The Conservative Crackup
Doug and I appear to have read Christine's first post somewhat differently.
Doug begins his reaction by saying:
Christine's thoughtful post with the reference to the "common good" is right on target, and I believe it answers her initial question about redistribution. No, phrased that way, America will see it as "theft"; indeed, it is commonplace for some Republicans to view all taxation as theft.
I'm sure the last phrase is technically correct, in that at least two Republicans in this vast country "view all taxation as theft." But I don't think that this opinion characterizes more than a tiny minority of Republicans (or conservatives).
Economic conservatives believe in limited government and low taxes, accepting that "limited" and "low" vary by circumstance and are subject to lots of prudential debate. Further, economic conservatives (and presumably most rational people) believe that whatever tasks we properly delegate to the government should be executed efficiently and effectively. This view—a government with limited tasks that it performs very well—seems to be Christine's vision. It's certainly mine.
Any real-world government requires taxes. The people who have a lot of money will end up paying a share of these taxes disproportionate to their numbers under any nontyrannical regime. Further, any just real-world government will have at least some poor relief, by whatever name, for those unable to care for themselves. Therefore, at least some mild redistribution will be an incidental byproduct of a just and well-functioning government. Accepting these practical realities is very different from actual advocacy of redistribution as good in and of itself.
I think that one of Christine's points is that this week's election does not provide good evidence that the American electorate supports redistribution of wealth as a government policy. I think she's right about that.
Doug goes on to say:
But America is genuinely tired of the notion that "government is the problem." That was Reagan's line, and it worked because the need for collective action during most of the '80s was small, except for the military buildup (or, if you will, redistribution to military contractors).
Well, I remember the 1980s, and I don't seem to recall many on the left arguing that the "need for collective action was small" in domestic policy at the time. It seems like a pretty breathtaking thing to assert flatly and in passing; perhaps Doug can provide some evidence for what made the 1980s different from prior and subsequent decades in this respect.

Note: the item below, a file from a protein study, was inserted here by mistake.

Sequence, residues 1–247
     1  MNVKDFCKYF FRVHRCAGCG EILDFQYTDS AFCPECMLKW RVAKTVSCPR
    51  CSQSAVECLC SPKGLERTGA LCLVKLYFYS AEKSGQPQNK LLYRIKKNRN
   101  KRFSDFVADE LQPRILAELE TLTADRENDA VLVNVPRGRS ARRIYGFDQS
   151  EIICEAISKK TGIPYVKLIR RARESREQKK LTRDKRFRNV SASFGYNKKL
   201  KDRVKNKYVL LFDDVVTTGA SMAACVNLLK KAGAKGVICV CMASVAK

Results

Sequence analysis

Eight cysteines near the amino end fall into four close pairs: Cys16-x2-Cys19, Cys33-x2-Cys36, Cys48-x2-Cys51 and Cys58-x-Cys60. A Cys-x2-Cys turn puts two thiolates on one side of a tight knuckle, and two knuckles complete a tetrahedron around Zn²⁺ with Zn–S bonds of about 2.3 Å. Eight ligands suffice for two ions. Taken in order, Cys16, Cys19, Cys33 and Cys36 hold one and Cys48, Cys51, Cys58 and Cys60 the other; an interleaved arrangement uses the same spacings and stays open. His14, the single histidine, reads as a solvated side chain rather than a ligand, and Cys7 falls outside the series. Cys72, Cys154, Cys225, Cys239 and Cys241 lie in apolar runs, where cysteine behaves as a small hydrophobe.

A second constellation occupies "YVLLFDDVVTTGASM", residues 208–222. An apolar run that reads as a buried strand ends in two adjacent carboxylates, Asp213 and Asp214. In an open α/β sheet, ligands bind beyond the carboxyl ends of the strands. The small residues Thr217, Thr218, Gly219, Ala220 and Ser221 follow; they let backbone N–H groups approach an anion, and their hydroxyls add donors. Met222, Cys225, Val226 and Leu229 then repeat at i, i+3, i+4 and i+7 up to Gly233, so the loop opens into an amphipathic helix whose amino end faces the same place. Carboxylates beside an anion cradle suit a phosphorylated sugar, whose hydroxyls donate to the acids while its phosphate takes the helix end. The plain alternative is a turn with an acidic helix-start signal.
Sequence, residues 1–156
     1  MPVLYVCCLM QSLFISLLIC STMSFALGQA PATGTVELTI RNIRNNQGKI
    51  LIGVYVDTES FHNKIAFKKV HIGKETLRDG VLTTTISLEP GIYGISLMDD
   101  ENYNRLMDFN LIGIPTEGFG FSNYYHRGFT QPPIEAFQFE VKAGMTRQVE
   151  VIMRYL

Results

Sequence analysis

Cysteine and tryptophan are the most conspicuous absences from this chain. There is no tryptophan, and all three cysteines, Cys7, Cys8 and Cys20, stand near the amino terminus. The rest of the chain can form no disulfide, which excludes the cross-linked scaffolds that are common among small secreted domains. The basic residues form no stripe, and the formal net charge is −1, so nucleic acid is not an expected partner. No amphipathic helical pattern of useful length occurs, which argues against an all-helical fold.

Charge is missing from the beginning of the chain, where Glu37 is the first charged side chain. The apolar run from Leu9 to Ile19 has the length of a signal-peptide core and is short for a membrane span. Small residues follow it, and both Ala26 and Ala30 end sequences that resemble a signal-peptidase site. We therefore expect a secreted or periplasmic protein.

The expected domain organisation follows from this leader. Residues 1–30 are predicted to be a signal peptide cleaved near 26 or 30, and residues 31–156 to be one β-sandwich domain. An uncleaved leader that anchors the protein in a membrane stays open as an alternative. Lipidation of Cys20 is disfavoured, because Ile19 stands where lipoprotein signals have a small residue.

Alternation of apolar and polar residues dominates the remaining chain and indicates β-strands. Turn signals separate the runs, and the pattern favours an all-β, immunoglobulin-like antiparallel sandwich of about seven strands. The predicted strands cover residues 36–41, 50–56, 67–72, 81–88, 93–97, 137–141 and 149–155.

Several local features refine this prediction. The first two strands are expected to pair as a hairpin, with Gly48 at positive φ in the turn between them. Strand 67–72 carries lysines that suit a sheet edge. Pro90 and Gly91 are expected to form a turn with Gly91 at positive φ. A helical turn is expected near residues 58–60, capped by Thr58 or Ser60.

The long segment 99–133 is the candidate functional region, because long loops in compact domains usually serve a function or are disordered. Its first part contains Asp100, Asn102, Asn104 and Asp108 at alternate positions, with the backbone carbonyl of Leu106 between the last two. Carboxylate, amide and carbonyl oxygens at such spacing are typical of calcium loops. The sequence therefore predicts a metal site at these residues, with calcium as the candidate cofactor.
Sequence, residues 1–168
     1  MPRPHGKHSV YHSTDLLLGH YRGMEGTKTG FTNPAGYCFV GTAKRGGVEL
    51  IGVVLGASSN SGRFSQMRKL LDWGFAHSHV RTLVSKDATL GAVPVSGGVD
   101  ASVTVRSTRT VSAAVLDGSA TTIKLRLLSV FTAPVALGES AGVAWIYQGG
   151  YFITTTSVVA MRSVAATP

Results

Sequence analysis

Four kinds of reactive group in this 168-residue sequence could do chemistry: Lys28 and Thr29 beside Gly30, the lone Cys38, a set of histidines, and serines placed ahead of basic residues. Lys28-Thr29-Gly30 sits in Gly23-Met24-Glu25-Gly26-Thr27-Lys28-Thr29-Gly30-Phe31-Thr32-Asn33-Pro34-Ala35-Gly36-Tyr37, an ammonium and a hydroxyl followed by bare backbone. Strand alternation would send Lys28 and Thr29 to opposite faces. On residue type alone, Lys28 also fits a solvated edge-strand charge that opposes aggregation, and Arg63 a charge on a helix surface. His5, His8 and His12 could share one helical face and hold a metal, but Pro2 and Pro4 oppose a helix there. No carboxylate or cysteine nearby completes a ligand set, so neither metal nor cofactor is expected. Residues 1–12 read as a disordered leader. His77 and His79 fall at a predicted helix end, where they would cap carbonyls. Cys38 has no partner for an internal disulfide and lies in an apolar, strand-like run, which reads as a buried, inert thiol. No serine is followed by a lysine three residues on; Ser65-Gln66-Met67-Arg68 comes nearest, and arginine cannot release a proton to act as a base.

Describing the Reagan military buildup as "redistribution for military contractors" strikes me as snide and uniformed, unless one believes that the actual intention and result of spending on the military buildup was not to contribute to the defeat of global totalitarianism, which is a point of view that Doug seems to directly contradict when he goes on to call this "money well spent."
Doug then says:
To what extent are Republicans prepared to collaborate with their Democratic counterparts to refine, as opposed to obstruct, reform and regulation of the financial markets, for example? … [T]he GOP can earn back some good will simply by improving Democratic health care and other initiatives with our cost-benefit know-how. … In short, without a big show of claiming credit, it should be our aim to improve needed regulatory initiatives undertaken by the Obama administration, rather than just obstructing them.
There is no better way to express this spirit of cooperation than by giving great deference to the new president's nominees for the executive. … [T]he GOP should guarantee a hearing, committee vote, and floor action in no more than a two-week process.
Without going into the details here, proper regulation of financial markets is not necessarily the same thing as "pretty much whatever Chuck Schumer and Barney Frank want, with some tinkering around the edges."
Maybe I'm misunderstanding it, but Doug's overall post reads to me as saying more or less this: "Look, conservatives just need to accept that the American people have rendered the judgment that conservatives are wrong on the important issues of the day, and surrender to the popular will embodied by President-elect Obama and the Democratic Congress." If so, I respectfully disagree.
Jim Manzi, chairman of an applied artificial-intelligence software company, is a contributing editor of National Review.